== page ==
I have always been horrified by some of the conditions people live in, in war-torn countries. In these terms, I feel very privileged to have been brought up in a country where I can express myself and live my life without the fear of being killed or seriously injured. However, we need to decipher between asylum seekers who are genuine and those who are not.

The Home Secretary Sajid Javid came out in the New Year and questioned whether some asylum seekers are genuine. He argued that some asylum seekers that have come from France should have stayed in France, because he feels that it is a reasonably safe country. That is something I completely agree with. But, these comments from Javid caused a backlash from campaigners and opposition MPs.

As a Secretary of State in charge of many aspects of this country, he has a right to question whether asylum seekers are genuine or not. We have to bear in mind that whilst we are tolerant (which is a good thing), we have to consider the fact that we are already a very crowded country. The UK is an island, and whilst our infrastructure is strong and prosperous, we should look to avoid putting further unnecessary strain on it.

Our focus as a nation always needs to be on the future. That focus must be put on the children of our legal citizens, and foreign nationals who have contributed to our system. Immigration in my view is not a problem, we are a tolerant and multi-cultural society, something that I am proud to be apart of. However, it is the level of immigration which is disconcerting, and has been a cause of friction for years.

Our population is rising with the birth rate in the UK remaining high. These children of the future need to be provided with a healthy environment to live in, not an overcrowded polluted country that we are in danger of turning into. You may think that illegal immigrants are a small portion of people, but what about the long term? They may have children, and it only puts further strain on the country. We are already crowded enough even without the addition of dishonest asylum seekers. Our immigration law as a whole needs to be reviewed so we do not end up too overcrowded.

Granting asylum to people who should not be here puts further strain on public services, including the NHS. As a country, it is time to put ourselves first.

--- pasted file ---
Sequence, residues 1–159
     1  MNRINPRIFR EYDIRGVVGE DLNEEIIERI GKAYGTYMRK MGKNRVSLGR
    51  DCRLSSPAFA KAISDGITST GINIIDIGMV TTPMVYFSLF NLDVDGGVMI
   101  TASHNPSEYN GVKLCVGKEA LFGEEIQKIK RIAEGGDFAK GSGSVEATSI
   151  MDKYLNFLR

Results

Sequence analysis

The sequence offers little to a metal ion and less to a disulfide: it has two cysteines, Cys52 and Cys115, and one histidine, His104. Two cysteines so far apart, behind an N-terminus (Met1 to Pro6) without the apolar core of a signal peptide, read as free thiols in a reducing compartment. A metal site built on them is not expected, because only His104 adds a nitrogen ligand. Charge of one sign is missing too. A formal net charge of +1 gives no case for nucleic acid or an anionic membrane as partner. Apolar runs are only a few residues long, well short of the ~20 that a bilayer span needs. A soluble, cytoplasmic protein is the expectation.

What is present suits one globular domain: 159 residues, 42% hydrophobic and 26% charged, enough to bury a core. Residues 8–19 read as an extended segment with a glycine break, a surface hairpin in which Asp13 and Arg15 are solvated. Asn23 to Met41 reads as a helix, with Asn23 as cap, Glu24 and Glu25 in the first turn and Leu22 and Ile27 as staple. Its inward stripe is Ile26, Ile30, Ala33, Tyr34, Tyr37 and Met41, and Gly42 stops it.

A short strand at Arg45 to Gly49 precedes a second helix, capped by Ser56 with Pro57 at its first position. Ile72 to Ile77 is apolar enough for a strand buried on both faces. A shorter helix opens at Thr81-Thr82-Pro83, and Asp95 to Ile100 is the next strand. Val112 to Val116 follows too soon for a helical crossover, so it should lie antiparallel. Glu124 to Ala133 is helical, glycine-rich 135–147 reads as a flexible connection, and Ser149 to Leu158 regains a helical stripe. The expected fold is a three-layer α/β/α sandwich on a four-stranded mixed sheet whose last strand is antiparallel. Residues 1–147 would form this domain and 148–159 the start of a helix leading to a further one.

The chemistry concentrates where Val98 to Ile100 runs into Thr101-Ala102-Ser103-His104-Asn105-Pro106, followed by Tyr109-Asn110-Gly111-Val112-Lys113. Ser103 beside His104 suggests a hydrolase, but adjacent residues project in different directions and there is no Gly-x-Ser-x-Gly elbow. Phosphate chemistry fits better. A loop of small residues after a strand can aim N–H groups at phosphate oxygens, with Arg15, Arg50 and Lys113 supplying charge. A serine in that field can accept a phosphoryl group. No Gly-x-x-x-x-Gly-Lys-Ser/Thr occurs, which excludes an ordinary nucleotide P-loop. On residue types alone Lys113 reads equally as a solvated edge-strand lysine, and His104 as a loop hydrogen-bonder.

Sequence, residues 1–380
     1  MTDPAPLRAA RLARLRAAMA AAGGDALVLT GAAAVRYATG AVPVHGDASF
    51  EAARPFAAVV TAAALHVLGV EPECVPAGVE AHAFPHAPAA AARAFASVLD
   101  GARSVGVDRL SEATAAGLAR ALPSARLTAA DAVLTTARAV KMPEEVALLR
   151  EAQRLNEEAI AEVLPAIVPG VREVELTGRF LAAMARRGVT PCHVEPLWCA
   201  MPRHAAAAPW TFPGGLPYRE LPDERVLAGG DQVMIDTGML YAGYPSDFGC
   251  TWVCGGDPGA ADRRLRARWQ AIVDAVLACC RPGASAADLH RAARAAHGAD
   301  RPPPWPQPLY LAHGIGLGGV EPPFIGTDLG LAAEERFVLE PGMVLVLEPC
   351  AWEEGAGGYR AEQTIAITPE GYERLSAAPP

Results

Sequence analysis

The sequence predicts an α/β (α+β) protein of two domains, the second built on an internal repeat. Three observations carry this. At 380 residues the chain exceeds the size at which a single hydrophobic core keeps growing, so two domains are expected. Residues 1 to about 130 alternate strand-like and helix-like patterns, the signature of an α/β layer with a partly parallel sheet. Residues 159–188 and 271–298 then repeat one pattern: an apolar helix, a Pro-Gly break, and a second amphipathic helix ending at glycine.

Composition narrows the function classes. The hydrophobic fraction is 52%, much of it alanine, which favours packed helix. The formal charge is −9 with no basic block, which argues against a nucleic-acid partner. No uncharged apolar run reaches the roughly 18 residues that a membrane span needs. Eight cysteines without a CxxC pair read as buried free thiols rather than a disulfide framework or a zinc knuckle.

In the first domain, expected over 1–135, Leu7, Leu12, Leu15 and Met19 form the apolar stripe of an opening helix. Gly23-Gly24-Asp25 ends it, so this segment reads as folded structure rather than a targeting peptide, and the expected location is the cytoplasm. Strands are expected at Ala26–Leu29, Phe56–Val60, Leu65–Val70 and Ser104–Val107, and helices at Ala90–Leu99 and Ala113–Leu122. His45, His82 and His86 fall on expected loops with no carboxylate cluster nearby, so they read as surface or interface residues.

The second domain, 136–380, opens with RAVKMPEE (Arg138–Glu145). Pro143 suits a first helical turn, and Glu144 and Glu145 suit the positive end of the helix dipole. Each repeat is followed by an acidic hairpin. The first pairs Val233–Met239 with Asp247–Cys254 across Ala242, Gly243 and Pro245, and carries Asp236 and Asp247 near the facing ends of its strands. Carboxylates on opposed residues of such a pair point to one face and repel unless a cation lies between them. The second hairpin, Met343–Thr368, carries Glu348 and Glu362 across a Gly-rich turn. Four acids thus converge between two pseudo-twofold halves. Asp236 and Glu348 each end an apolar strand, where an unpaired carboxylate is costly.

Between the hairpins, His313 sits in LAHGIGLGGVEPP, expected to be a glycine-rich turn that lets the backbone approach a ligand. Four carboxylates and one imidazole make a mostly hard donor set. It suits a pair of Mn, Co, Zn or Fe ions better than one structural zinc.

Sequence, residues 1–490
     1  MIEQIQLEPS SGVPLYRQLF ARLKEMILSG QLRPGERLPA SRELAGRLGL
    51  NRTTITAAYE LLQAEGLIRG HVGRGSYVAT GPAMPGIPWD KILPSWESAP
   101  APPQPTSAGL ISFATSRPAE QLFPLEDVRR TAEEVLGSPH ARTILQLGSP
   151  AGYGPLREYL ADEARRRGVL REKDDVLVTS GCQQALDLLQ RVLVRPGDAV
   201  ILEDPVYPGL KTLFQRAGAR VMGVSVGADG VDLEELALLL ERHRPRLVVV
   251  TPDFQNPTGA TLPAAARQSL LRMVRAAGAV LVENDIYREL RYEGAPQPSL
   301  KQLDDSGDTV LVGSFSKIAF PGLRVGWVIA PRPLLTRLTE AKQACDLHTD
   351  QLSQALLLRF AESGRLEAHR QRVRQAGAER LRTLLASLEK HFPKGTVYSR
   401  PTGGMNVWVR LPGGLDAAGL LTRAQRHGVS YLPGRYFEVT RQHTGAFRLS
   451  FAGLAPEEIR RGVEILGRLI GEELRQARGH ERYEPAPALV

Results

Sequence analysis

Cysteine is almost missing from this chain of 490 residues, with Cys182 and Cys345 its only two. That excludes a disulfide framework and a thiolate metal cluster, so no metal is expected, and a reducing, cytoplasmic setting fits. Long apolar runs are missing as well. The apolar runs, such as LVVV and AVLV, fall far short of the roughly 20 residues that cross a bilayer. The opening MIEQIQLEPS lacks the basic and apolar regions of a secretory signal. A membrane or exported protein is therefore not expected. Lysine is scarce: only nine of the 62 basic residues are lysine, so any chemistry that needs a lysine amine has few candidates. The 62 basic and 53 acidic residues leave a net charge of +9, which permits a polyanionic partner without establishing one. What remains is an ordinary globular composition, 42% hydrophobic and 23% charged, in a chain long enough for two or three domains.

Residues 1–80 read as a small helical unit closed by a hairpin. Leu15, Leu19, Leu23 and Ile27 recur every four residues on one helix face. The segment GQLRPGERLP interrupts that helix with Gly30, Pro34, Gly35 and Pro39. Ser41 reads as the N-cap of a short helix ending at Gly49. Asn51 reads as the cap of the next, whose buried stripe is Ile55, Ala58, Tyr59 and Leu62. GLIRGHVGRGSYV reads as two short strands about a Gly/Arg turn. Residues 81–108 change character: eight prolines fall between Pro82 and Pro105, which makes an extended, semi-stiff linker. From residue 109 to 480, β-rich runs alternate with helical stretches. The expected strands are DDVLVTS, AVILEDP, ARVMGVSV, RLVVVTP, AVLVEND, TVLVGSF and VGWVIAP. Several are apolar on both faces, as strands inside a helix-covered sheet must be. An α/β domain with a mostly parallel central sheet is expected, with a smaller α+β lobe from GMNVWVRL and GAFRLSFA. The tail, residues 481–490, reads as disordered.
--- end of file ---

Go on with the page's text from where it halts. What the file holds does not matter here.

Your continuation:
The immigration policy set out post-Brexit on the £30k salary cap is in some ways an attempt to decrease net migration, something that in my opinion needs to happen. However, junior doctors’ salaries start below that, and we are in need of young EU-based doctors. Genuine immigrants need to be treated fairly, the above is an example of that.

As the Government have rightly said, anyone who has emigrated to the UK rightly under EU freedom of movement law should have a right to stay here. However, the execution of this in terms of EU immigrants paying a fee to stay here needs to be correct and fair.

I am not saying, do not grant asylum to anyone. People should be granted asylum if this is the first safe country to get to. However, people who have come through safe countries to get to the UK and ask for asylum, this is something that needs to be looked at, and Javid’s comments need to be considered soberly.

People who have come here legally and contributed heavily to society have every right to stay here. These people should not be punished. However, those who have come here through other safe countries should be transferred back to the nearest and safest country they came from — unless that country already has a high amount of asylum seekers in relation to population density.

Whether people agree with Sajid Javid’s comments or not, they need to stop being offended and consider the issue more objectively. The time before Britain gets overcrowded is ticking fast.

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